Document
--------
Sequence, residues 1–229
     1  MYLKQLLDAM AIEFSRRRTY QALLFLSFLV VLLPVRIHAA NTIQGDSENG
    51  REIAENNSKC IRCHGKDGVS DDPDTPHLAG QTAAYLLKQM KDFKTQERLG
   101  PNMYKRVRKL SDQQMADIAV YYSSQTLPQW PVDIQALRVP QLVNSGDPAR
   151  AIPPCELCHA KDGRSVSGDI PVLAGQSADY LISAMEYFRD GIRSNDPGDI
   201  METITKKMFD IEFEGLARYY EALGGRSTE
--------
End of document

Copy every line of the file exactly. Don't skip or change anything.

Sequence, residues 1–229
     1  MYLKQLLDAM AIEFSRRRTY QALLFLSFLV VLLPVRIHAA NTIQGDSENG
    51  REIAENNSKC IRCHGKDGVS DDPDTPHLAG QTAAYLLKQM KDFKTQERLG
   101  PNMYKRVRKL SDQQMADIAV YYSSQTLPQW PVDIQALRVP QLVNSGDPAR
   151  AIPPCELCHA KDGRSVSGDI PVLAGQSADY LISAMEYFRD GIRSNDPGDI
   201  METITKKMFD IEFEGLARYY EALGGRSTE